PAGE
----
The Sahel state of Burkina Faso on Wednesday announced its first death from coronavirus, which is also the first known fatality in sub-Saharan Africa.
Burkina’s national coordinator for responding to the virus, Professor Martial Ouedraogo, told the press, “We recorded the death overnight of a female patient, aged 62, who suffered from diabetes and was in intensive care.”
With the addition of seven new cases, “the number of patients (in Burkina Faso) stands at 27, comprising 15 women and 12 men”, said Ouedraogo.
The tally includes a case in the town of Bobo Dioulasso, the first outside the capital Ouagadougou.
Africa has lagged behind the global curve for coronavirus infections and deaths, although the reasons for this are unclear.
As of Wednesday, a tally of reported cases, compiled by AFP, stood at 576 for all of Africa.
Of these, 15 cases have been fatal: six in Egypt, five in Algeria, two in Morocco, one in Sudan and one in Burkina Faso.
Experts have sounded loud warnings about the vulnerability of sub-Saharan countries to the highly contagious respiratory virus.
Many countries are at high risk, given weak health systems, poverty, urban slums, porous borders and poor sanitation.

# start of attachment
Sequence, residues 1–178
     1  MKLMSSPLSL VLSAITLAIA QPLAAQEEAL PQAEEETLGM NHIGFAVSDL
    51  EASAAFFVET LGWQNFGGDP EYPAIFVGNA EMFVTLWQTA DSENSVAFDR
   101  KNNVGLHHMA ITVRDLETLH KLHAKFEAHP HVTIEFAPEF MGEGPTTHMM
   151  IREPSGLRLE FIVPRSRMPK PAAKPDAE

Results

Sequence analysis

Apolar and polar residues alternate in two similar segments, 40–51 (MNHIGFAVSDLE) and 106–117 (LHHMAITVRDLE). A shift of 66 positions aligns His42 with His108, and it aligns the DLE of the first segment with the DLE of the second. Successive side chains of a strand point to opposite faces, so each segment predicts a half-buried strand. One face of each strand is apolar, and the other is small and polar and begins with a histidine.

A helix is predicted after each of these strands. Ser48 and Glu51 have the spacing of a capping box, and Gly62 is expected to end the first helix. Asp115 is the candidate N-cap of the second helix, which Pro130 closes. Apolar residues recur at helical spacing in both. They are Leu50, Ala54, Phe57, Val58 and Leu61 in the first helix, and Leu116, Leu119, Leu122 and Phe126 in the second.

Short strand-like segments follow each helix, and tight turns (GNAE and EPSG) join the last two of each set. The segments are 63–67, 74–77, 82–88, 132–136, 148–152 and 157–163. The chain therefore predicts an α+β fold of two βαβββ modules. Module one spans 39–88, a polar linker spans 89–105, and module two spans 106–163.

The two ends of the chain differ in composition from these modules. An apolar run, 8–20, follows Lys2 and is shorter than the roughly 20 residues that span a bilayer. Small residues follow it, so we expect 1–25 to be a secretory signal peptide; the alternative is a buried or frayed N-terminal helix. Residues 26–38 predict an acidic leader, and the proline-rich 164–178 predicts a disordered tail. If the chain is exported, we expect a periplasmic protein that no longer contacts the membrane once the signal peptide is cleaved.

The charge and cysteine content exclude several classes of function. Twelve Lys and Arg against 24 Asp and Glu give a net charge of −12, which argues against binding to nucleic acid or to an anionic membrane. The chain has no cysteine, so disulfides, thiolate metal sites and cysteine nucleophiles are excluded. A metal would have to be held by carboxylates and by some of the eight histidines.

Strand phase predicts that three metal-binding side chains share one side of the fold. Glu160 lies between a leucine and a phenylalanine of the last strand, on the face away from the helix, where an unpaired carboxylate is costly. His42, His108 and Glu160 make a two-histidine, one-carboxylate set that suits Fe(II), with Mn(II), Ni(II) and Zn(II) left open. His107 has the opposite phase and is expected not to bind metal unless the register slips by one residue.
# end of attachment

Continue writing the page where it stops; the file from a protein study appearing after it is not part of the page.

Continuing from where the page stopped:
A 2016 analysis by the Rand Corporation, a US thinktank, found that of the 25 countries in the world that were most vulnerable to infectious outbreaks, 22 were in Africa – the others were Afghanistan, Yemen and Haiti.
The report put the finger on a “disease hot spot belt” extending on a line of countries, running across the southern rim of the Sahara through the Sahel to the Horn of Africa, many of which are struggling with conflicts.
“Were a communicable disease to emerge within this chain of countries, it could easily spread across borders in all directions, abetted by high overall vulnerability and a string of weak national health systems along the way,” the report warned.
On Saturday, Burkina Faso ordered the closure of all schools and a ban on all public and private gatherings until the end of April.